Article
Full-text available
Temporal Lobe Epilepsy (TLE) is associated with memory and emotional impairments. However, the majority of previous studies examined patients after the affected structures (hippocampus and amygdala) were surgically removed, so it remains unclear to what extent these deficits are associated with the illness itself or are a consequence of the surgery...
Article
Full-text available
Music is a powerful tool for communicating emotions which can elicit memories through associative mechanisms. However, it is currently unknown whether emotion can modulate memory for music without reference to a context or personal event. We conducted three experiments to investigate the effect of basic emotions (fear, happiness, and sadness) on re...
Article
Full-text available
During episodic memory encoding, elaborative encoding strategies have been related to greater performance on later memory tests. However, many clinical populations display a deficit in self-initiating encoding strategies. We designed an fMRI study to examine the neural correlates of self-initiating elaborative encoding. Twenty-three healthy partici...
Article
It has been proposed that angry people exhibit optimistic risk estimates about future events and, consequently, are biased towards making risk-seeking choices. The goal of this study was to directly test the hypothesised effect of trait anger on optimism and risk-taking behaviour. One hundred healthy volunteers completed questionnaires about person...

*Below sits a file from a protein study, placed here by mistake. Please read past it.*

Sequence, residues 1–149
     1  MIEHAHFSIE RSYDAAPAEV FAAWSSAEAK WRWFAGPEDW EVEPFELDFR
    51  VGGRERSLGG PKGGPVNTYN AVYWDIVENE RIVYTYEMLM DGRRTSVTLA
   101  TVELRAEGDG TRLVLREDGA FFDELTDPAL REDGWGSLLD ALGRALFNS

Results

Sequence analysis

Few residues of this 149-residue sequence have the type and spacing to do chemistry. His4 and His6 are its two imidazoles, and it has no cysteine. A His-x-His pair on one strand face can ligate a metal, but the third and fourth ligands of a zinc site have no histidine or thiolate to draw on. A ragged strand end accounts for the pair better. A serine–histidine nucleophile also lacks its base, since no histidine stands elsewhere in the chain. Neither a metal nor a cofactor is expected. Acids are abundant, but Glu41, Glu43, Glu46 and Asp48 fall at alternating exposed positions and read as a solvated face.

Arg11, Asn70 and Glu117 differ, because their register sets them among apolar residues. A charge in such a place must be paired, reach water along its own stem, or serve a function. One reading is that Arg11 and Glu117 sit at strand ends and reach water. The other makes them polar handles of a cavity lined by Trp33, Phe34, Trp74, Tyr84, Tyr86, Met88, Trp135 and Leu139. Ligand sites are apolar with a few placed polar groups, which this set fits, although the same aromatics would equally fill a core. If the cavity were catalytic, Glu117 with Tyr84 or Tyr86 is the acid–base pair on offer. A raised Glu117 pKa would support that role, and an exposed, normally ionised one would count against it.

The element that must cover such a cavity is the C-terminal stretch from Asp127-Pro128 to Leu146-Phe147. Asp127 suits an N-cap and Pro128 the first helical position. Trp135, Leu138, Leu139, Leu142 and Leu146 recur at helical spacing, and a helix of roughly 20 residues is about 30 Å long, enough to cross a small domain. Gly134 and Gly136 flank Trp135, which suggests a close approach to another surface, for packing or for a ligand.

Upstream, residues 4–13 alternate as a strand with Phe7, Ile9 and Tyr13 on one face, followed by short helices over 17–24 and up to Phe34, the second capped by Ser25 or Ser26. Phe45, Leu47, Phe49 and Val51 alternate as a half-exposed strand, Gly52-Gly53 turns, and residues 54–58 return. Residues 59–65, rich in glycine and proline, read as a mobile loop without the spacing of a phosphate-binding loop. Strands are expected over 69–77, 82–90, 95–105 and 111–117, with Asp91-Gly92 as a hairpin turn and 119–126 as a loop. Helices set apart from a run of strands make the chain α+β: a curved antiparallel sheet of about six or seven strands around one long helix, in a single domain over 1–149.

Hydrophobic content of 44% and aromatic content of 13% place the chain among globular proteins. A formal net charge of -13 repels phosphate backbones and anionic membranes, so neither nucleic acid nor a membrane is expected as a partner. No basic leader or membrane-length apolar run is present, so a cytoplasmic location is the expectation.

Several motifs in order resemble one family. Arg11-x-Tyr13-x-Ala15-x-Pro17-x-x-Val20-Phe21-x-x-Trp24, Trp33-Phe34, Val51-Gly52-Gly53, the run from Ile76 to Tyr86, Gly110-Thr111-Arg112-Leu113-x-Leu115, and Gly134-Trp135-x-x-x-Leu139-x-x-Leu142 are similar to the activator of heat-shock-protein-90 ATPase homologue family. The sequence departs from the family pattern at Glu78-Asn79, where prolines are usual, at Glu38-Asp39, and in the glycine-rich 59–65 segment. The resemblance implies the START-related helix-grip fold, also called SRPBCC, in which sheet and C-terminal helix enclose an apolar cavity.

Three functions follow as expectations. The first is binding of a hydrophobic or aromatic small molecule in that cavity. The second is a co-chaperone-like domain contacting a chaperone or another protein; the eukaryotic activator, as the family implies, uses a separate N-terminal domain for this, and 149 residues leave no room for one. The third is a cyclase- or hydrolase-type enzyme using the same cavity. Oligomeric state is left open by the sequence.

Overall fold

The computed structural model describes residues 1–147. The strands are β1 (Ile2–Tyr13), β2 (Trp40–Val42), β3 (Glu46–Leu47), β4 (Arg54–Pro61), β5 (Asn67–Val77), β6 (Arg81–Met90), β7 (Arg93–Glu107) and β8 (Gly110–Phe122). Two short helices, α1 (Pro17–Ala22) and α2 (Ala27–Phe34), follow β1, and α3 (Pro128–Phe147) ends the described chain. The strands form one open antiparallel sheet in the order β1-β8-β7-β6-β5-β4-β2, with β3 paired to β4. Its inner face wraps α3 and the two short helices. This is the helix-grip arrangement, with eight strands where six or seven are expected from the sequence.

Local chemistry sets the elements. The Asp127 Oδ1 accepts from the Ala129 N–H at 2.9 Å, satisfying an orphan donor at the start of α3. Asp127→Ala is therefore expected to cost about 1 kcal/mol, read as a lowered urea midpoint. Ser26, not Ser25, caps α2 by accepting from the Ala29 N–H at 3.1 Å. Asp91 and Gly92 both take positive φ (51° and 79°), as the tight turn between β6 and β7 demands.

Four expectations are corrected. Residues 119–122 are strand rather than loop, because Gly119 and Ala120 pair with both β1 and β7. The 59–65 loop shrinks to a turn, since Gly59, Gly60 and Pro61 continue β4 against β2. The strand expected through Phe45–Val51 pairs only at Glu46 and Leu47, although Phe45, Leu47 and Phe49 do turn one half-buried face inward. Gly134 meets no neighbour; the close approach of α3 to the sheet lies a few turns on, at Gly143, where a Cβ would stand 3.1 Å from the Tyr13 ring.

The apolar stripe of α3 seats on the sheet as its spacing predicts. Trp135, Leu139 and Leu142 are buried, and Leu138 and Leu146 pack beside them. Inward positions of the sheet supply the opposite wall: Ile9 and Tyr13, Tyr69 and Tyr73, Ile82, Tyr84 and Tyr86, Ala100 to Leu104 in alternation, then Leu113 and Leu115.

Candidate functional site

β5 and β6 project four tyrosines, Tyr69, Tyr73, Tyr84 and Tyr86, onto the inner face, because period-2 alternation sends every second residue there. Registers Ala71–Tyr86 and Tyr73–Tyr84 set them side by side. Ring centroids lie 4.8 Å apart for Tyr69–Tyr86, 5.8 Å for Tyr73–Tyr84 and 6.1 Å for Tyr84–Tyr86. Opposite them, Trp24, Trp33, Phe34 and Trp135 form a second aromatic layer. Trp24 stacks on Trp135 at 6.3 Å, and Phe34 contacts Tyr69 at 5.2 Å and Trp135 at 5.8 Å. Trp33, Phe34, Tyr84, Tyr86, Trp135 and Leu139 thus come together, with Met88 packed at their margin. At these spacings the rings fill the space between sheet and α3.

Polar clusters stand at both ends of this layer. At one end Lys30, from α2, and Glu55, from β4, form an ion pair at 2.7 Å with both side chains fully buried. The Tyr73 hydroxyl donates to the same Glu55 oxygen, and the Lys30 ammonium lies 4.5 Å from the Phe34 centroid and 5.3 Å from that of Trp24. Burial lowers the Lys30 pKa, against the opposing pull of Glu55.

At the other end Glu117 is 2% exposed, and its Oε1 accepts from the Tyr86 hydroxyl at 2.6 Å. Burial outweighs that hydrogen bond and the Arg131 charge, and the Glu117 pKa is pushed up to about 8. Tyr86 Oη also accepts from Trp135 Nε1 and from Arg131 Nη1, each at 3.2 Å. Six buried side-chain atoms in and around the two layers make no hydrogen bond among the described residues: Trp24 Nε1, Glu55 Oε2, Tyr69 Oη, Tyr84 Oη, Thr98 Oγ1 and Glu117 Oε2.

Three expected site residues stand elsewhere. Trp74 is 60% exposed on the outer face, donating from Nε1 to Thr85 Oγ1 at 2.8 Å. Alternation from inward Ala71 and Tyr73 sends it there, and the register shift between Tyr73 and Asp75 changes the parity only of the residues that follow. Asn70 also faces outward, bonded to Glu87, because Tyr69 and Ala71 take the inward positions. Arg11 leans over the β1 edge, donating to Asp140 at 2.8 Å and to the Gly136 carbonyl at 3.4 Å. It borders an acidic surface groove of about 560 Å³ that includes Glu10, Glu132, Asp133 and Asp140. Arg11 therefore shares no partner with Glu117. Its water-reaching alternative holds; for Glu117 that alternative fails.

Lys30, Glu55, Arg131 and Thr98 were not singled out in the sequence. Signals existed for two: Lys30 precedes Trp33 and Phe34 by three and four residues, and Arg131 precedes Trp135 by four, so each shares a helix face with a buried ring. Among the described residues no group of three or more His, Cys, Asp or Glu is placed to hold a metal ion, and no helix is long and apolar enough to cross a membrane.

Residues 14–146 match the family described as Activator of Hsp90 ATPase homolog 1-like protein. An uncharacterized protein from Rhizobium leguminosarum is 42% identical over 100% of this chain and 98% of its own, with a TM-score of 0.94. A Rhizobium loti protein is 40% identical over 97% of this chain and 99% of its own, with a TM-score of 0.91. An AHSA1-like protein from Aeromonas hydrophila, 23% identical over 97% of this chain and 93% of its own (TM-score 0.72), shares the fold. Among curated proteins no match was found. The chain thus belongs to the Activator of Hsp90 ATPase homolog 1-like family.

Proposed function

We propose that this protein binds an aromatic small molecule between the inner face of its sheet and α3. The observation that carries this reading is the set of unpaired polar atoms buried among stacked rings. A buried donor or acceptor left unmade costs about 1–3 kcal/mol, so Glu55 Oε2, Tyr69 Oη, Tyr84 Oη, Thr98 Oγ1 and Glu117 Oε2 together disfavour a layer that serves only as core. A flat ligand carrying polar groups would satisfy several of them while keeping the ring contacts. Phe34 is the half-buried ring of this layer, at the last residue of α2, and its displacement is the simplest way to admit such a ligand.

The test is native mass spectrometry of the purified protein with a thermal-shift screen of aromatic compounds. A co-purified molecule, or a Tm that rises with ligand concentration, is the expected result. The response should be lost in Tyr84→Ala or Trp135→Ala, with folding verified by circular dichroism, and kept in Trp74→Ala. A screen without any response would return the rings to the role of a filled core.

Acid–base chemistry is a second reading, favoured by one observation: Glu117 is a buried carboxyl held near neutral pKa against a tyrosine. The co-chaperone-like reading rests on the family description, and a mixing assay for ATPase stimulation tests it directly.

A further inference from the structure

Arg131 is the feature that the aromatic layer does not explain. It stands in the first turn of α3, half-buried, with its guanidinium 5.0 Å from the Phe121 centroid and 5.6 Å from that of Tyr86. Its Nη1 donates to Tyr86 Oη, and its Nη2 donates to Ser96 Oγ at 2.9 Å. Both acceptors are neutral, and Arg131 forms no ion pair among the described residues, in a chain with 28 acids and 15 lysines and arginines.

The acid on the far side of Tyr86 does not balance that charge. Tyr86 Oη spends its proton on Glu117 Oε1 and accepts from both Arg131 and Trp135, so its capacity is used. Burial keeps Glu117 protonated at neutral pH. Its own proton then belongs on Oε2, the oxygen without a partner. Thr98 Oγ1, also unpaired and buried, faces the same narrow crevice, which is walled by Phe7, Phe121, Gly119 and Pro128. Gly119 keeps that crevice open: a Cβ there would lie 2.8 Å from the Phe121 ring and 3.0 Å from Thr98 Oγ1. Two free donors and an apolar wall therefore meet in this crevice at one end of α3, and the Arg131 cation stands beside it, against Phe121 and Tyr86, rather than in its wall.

Article
Full-text available
Converging evidence from animal and human studies suggest that rapid eye movement (REM) sleep modulates emotional processing. The aim of the present study was to explore the effects of selective REM sleep deprivation (REM-D) on emotional responses to threatening visual stimuli and their brain correlates using functional magnetic resonance imaging (...
Article
BACKGROUND: Decreased cortical thickness in frontal and temporal regions has been observed in individuals suffering from post-traumatic stress disorder (PTSD), compared to healthy controls and trauma-exposed participants without PTSD. In addition, individual differences, both functional and structural, in the anterior cingulate cortex (ACC) have be...
Article
Full-text available
The FKBP5 gene, a glucocorticoid receptor (GR)-regulating co-chaperone of stress proteins, is of special interest because of its role in hypothalamic-pituitary-adrenal (HPA)-axis regulation. However, studies finding a genetic relationship between posttraumatic stress disorder (PTSD) and the FKBP5 gene have failed to distinguish between the developm...
Article
A new method for detecting activations in random fields, which may be useful for addressing the issue of multiple comparisons in neuroimaging, is presented. This method is based on some constructs of mathematical morphology - specifically, morphological erosions and dilations - that enable the detection of active regions in random fields possessing...
Article
Substantial advances in our understanding of the neural bases of emotional processing have been made over the past decades. Overall, studies in humans and other animals highlight the key role of the amygdala in the detection and evaluation of stimuli with affective value. Nonetheless, contradictory findings have been reported, especially in terms o...
Article
This article describes what is currently known about the neural structures and mechanisms associated with the processing of emotional auditory information for stimuli with intrinsic or learned affective value. It focuses on the amygdala, as this structure has been consistently shown to be a crucial component of the emotional brain, across several s...
Article
fMRI is a very important tool both in the field of Clinical Neuropsychology and Cognitive Neurocience. In the clinical domain, it is mostly used to locate functional regions such as those associated with motor or language processes, although new applications are being developed. Its use in research has permitted the confirmation, extension and reje...